Common Features of Some of the World's Deadliest Diseases

2469 words - 10 pages There are a number of diseases that are considered significant public health hazards; they include cholera, tuberculosis, HIV/AIDS and influenza, as well as a number of neglected tropical diseases (NTD). These diseases have caused and continue to cause countless deaths globally. To better understand why these diseases are of such significant we must consider some common features, including both the scientific biological factors and nonbiological

Effects of Third World Diseases on the US

827 words - 3 pages After reading The Coming Anarchy by Robert D. Kaplan and asked to decide which of the issues facing the West Africans would affect the United States the most, many issues swarm through my head. Deforestation, crime, desertification, and polygamy just to name a few. But the diseases that constantly plague third world countries, such as Rwanda, Uganda, and Sierra Leone, seems to me to be the most devastating issue and will have the most impact

Link Between Smoking and the Ocurrence of Cardiovascular Diseases

1794 words - 7 pages Introduction Majority of people associate cigarette smoking and tobacco with lung cancer and breathing problems. However, in addition to these, smoking is a major cause of cardiovascular disease that is, blood vessel and heart diseases. Tobacco and cigarette smoking have been regarded as major risk factors for different chronic diseases Everett (2004). According to AHA (American Heart Association) cigarette smoking is seen as the most

Compare Essay: Hunger Games and Lord of the Flies

975 words - 4 pages Student NameComposition 1September 29, 2014Lord of The Flies is just like The Hunger Games. In Lord of The Flies, a group of kids are stranded on an island. They are forced to survive, or die. In The Hunger Games, a group of kids are stranded in an arena and forced to become survivors or worm food. For Katniss and Ralph they must become leaders, or die. Teams and alliances are made, and of course, some kids die. These children can become leaders

Theme of Loyalty in Homecoming and The Hunger Games

1197 words - 5 pages concepts of love, loyalty, trust, and other virtues are usually included. In the futuristic novel, “The Hunger Games,” by Suzanne Collins, North America has collapsed, and has become 13 districts controlled by an anarchist Capitol. To show their power, the Capitol has issued the Hunger Games, a game in which each district must give two teenagers to fight to the death in an arena. In lieu of her sister, Katniss Everdeen volunteers to take her sister’s

Similar Essays

The Right Kind Of Hunger Essay

994 words - 4 pages Raj Patel’s Stuffed and Starved analyzes the paradoxical content in its title statement. Patel demonstrates how the world food system has created two opposite, but inherently linked epidemics: obesity and crippling hunger. Throughout the course of this book, it becomes painfully clear that the majority of the world’s population is being manipulated by our global food system and by the corporations and their CEO’s who control it. Patel encourages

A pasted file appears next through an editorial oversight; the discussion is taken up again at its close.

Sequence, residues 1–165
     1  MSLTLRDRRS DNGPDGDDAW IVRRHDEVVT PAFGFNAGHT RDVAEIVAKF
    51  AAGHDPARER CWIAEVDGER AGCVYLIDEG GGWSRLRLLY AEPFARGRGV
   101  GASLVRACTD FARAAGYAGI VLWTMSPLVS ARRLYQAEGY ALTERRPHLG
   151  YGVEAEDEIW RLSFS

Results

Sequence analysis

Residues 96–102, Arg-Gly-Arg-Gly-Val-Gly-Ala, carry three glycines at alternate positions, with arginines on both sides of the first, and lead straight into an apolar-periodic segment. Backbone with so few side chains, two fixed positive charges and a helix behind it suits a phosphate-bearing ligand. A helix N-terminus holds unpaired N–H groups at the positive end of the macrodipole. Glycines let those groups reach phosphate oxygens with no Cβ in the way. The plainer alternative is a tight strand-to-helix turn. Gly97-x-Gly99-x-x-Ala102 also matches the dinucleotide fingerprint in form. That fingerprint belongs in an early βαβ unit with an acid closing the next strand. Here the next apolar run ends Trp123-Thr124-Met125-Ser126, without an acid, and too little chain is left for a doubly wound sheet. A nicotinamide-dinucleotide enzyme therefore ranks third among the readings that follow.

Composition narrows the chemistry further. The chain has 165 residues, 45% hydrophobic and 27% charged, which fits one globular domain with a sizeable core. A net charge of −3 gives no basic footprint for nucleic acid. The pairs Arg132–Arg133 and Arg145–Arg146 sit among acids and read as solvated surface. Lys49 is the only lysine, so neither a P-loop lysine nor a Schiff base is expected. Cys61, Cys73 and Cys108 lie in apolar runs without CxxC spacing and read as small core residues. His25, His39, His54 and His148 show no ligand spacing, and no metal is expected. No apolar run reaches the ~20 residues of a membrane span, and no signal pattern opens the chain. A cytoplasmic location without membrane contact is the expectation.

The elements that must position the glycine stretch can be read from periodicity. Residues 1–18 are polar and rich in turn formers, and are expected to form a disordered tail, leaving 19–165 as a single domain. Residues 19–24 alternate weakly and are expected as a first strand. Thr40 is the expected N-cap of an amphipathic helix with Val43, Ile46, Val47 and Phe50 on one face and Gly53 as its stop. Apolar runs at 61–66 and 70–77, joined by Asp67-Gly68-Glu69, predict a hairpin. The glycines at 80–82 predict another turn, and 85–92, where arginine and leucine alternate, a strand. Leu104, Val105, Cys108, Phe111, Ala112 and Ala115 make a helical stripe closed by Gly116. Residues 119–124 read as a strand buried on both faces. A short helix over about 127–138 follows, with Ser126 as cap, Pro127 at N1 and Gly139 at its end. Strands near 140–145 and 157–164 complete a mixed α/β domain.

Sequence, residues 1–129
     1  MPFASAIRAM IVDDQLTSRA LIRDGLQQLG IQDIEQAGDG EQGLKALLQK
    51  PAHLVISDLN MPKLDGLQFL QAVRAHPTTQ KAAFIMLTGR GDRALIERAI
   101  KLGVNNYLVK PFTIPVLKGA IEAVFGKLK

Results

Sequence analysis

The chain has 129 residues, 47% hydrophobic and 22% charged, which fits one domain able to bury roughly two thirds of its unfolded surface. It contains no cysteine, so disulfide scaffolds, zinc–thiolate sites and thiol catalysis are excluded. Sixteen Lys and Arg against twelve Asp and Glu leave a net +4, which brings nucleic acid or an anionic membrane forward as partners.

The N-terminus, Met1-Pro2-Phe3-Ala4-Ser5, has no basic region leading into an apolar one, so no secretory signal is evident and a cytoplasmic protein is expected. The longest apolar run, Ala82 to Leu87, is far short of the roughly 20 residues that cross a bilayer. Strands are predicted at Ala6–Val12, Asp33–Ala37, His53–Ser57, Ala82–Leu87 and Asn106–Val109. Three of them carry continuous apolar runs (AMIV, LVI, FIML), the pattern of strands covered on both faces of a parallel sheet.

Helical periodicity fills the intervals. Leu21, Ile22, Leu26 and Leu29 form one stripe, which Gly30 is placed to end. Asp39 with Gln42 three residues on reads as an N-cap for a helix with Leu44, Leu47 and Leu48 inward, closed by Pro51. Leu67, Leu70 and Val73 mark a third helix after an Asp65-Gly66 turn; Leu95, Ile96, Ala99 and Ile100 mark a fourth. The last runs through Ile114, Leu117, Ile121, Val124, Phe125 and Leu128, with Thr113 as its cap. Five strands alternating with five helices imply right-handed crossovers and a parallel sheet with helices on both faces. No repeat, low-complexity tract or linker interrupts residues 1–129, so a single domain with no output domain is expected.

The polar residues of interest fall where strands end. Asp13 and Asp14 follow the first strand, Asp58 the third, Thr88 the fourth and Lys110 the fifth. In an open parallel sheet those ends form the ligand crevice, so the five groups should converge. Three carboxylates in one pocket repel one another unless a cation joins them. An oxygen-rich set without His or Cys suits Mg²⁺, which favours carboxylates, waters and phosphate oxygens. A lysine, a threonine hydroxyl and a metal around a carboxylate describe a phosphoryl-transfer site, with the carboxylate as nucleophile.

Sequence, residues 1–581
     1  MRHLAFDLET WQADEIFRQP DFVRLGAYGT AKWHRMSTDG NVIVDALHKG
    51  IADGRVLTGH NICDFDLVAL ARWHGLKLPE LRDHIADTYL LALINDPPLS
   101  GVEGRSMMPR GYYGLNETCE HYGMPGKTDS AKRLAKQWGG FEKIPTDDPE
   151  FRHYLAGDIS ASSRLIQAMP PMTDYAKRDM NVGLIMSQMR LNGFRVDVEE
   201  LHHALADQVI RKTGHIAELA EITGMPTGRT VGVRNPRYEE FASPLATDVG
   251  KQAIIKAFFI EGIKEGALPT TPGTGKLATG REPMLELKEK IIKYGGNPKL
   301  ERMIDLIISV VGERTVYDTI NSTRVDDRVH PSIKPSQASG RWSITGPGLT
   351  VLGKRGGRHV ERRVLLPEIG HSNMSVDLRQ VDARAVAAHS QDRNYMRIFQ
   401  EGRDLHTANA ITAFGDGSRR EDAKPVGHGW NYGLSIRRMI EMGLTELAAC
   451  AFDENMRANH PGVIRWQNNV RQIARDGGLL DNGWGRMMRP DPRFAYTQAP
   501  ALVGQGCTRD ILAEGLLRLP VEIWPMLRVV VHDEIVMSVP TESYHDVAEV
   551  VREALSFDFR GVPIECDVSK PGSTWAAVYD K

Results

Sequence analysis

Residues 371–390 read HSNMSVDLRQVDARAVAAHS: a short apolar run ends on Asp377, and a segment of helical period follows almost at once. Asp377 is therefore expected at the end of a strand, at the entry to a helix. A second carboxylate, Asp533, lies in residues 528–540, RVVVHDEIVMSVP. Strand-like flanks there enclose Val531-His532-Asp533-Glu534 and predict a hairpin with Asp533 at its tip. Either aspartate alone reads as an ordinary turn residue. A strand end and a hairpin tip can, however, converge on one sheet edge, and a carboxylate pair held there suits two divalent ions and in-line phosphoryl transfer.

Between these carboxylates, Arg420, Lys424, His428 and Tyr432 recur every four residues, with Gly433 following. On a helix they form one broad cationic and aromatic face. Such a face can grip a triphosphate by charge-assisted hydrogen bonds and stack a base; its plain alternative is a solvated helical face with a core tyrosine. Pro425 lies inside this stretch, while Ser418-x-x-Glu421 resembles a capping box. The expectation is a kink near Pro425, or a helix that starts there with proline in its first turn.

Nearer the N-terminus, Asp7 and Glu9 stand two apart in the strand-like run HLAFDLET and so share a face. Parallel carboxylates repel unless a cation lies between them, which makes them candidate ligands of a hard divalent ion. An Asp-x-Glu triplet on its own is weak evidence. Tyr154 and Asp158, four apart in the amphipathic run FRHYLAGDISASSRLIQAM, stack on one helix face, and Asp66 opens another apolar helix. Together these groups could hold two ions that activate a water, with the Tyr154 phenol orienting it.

The Decline Of Infectious Diseases Essay

1393 words - 6 pages In the 1960s, doctors in the United States predicted that infectious diseases were in decline. US surgeon Dr. William H. Stewart told the nation that it had already seen most of the frontiers in the field of contagious disease. Epidemiology seemed destined to become a scientific backwater (Karlen 1995, 3). Although people thought that this particular field was gradually dying, it wasn’t. A lot more of it was destined to come. By the late 1980s

The Base Of Mitochondrial Diseases Essay

1190 words - 5 pages energy production process is termed oxidative phosphorylation because it occurs in the presence of oxygen (Sirrs). If there is a fault in this assembling of energy within the mitochondria, it is known as a mitochondrial disease. Usually the organs affected by these diseases are those that require larger amounts of energy, such as the heart, brain, muscle, and liver (Kurt 11). When this process of mitochondrial disease occurs throughout the body

The Sociology Of The Hunger Games

1266 words - 5 pages In a not-too-distant, some 74 years, into the future the United States of America has collapsed, weakened by drought, fire, famine, and war, to be replaced by Panem, a country divided into the Capitol and 13 districts. Each year, two young representatives from each district are selected by lottery to participate in The Hunger Games; these children are referred to as tributes (Collins, 2008). The Games are meant to be viewed as